“The figure in the center is meant to be Imam Mahdi AJ, in reference to the belief that he mourns alongside those attending majalis, though you may interpret him as Imam Hussain AS or even as Abbas AS, depending on how you resonate with the piece...”
“The tawaf simulates the angels that circumambulate around the divine throne. Angels are immaterial beings that feed on the reality of four truths and having and carrying such realities, they possess their respective angelic duties both in this realm and the Hereafter.
Those four truths are: 1. Subhanallah (Allah is free from all deficiences) 2. Alhamdulillah (All praises are His) 3. La ilaaha illallah (There is no deity but Him) 4. Allahu Akbar (God is Great)
These four are the four pillars of the celestial manifestation of the Kabah (bayt al-ma’mur) and that’s what the Kabahs four sides represent. Once we incorporate these truths within us after attaining to the state of ihraam, spiritual life will be granted to us. By whom? By Allah through archangel Mikaa’eel. And that’s why in traditions we read that Bayt al-Ma’mur is Mikaa’eel.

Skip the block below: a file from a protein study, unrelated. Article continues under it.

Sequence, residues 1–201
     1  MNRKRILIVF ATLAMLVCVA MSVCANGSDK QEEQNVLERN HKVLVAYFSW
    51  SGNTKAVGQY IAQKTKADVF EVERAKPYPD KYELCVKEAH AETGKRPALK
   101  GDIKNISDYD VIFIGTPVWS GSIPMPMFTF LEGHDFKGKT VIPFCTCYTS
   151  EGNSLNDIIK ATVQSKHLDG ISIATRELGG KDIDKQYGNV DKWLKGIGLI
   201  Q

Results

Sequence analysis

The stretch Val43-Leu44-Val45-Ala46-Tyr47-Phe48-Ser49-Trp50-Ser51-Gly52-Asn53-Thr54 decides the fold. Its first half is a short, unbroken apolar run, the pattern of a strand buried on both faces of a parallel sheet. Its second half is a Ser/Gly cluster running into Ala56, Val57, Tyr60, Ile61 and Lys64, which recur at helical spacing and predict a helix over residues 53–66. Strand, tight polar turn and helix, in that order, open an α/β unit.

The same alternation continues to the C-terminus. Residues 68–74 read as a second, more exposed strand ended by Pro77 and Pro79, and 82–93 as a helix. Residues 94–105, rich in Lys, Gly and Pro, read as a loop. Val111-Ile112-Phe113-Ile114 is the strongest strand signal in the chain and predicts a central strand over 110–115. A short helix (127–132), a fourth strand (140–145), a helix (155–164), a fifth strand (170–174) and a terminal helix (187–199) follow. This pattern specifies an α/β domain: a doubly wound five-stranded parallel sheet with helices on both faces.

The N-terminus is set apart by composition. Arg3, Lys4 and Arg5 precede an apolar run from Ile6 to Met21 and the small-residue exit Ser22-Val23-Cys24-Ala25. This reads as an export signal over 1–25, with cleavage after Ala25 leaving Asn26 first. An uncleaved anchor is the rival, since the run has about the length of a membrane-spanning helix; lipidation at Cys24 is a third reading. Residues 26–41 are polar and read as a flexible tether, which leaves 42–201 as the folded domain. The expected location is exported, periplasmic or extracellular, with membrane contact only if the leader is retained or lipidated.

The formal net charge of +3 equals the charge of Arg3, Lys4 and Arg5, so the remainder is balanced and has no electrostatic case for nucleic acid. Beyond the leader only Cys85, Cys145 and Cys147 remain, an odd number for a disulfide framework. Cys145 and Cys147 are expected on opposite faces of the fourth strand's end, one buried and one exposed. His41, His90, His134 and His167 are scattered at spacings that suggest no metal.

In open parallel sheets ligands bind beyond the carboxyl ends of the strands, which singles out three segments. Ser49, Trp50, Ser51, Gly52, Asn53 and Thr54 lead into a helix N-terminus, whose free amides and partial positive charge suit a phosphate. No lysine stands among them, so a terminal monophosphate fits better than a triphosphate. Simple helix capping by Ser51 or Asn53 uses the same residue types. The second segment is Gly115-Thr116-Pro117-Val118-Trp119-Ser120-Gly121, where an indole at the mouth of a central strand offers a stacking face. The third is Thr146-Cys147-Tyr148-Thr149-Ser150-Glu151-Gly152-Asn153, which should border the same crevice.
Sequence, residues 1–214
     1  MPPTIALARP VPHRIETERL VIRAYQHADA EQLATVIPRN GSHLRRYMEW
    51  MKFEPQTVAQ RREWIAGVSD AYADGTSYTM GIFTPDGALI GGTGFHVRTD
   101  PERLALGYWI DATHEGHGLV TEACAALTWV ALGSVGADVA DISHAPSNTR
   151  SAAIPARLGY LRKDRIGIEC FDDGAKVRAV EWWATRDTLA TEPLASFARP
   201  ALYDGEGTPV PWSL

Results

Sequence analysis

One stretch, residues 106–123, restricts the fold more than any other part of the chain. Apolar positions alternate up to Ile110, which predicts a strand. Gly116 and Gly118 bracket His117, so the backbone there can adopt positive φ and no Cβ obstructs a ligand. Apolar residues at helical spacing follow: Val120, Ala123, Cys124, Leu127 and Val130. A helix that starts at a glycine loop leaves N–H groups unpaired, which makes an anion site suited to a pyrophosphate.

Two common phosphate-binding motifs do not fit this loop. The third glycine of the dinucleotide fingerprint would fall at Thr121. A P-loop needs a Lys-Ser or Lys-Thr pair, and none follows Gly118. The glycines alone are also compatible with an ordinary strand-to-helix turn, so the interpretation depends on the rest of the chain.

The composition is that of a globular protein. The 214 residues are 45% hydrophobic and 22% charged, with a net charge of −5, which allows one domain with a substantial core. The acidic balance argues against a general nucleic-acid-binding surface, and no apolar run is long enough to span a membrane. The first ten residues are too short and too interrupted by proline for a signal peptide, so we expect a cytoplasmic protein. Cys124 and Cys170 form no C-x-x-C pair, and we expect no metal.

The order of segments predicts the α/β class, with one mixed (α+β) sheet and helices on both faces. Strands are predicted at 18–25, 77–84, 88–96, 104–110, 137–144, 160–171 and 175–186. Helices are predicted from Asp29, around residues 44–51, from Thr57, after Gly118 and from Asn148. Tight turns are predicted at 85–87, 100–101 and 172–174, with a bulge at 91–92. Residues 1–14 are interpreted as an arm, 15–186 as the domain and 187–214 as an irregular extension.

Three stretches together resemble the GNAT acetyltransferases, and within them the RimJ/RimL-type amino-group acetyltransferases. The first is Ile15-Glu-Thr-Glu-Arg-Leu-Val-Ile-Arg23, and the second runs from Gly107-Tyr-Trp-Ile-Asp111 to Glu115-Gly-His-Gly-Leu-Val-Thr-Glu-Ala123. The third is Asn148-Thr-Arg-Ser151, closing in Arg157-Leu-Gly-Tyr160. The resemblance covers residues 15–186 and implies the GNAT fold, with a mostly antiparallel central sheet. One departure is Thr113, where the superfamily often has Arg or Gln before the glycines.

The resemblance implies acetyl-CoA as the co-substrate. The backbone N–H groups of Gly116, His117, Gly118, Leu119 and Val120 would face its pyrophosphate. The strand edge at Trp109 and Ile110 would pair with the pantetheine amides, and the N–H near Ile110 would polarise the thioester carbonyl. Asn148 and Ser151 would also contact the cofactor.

Once this life is granted, now one can understand certain narrations that speak of the circumambulating pilgrims having the (angelic) power to seek forgiveness for oneself and for others (i.e. anyone you were acquainted with and were in contact with). Think about it. This is no arbitrary forgiveness. One has entered the angelic and celestial sacred framework of cause and effect.”
“In order to reach God (absolute perfection), one must become annihilated in Him and for this to be feasible, one preliminary step is that of eliminating the ego. Attention to one’s self is tantamount to being distanced from Him. To become aware of our unity with God, one must slaughter the ego. The heart is the mirror and locus through which attributes of perfection reflect. However, it needs polishing and refining.